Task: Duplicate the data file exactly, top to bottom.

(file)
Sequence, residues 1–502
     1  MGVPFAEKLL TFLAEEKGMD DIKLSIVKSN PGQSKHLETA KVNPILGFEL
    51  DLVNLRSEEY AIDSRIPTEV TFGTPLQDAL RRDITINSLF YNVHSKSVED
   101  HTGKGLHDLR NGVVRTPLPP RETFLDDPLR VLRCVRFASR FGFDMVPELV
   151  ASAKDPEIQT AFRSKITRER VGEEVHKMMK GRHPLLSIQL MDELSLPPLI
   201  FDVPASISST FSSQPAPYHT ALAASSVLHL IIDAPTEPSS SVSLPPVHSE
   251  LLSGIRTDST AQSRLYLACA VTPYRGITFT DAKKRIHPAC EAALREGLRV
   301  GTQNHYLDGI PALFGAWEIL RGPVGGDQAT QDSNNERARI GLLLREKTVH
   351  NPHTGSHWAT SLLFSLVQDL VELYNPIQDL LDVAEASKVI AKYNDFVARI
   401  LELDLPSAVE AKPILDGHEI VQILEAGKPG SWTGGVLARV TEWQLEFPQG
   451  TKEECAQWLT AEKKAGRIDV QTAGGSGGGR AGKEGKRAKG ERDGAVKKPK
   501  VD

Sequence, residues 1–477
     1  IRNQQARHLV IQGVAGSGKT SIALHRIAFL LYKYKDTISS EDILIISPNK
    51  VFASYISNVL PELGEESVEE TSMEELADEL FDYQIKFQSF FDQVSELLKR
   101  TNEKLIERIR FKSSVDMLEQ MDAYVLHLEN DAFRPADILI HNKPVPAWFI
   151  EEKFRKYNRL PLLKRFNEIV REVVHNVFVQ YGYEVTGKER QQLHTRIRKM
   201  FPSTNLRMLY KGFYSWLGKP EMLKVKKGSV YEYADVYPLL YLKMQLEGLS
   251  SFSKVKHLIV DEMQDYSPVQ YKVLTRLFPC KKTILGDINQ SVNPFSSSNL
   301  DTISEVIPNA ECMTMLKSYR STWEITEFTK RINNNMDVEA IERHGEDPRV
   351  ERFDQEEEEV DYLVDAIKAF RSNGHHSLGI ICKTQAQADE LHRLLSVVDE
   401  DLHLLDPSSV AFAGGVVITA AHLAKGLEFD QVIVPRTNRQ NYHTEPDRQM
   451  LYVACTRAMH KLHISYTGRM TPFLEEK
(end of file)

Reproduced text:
Sequence, residues 1–502
     1  MGVPFAEKLL TFLAEEKGMD DIKLSIVKSN PGQSKHLETA KVNPILGFEL
    51  DLVNLRSEEY AIDSRIPTEV TFGTPLQDAL RRDITINSLF YNVHSKSVED
   101  HTGKGLHDLR NGVVRTPLPP RETFLDDPLR VLRCVRFASR FGFDMVPELV
   151  ASAKDPEIQT AFRSKITRER VGEEVHKMMK GRHPLLSIQL MDELSLPPLI
   201  FDVPASISST FSSQPAPYHT ALAASSVLHL IIDAPTEPSS SVSLPPVHSE
   251  LLSGIRTDST AQSRLYLACA VTPYRGITFT DAKKRIHPAC EAALREGLRV
   301  GTQNHYLDGI PALFGAWEIL RGPVGGDQAT QDSNNERARI GLLLREKTVH
   351  NPHTGSHWAT SLLFSLVQDL VELYNPIQDL LDVAEASKVI AKYNDFVARI
   401  LELDLPSAVE AKPILDGHEI VQILEAGKPG SWTGGVLARV TEWQLEFPQG
   451  TKEECAQWLT AEKKAGRIDV QTAGGSGGGR AGKEGKRAKG ERDGAVKKPK
   501  VD

Sequence, residues 1–477
     1  IRNQQARHLV IQGVAGSGKT SIALHRIAFL LYKYKDTISS EDILIISPNK
    51  VFASYISNVL PELGEESVEE TSMEELADEL FDYQIKFQSF FDQVSELLKR
   101  TNEKLIERIR FKSSVDMLEQ MDAYVLHLEN DAFRPADILI HNKPVPAWFI
   151  EEKFRKYNRL PLLKRFNEIV REVVHNVFVQ YGYEVTGKER QQLHTRIRKM
   201  FPSTNLRMLY KGFYSWLGKP EMLKVKKGSV YEYADVYPLL YLKMQLEGLS
   251  SFSKVKHLIV DEMQDYSPVQ YKVLTRLFPC KKTILGDINQ SVNPFSSSNL
   301  DTISEVIPNA ECMTMLKSYR STWEITEFTK RINNNMDVEA IERHGEDPRV
   351  ERFDQEEEEV DYLVDAIKAF RSNGHHSLGI ICKTQAQADE LHRLLSVVDE
   401  DLHLLDPSSV AFAGGVVITA AHLAKGLEFD QVIVPRTNRQ NYHTEPDRQM
   451  LYVACTRAMH KLHISYTGRM TPFLEEK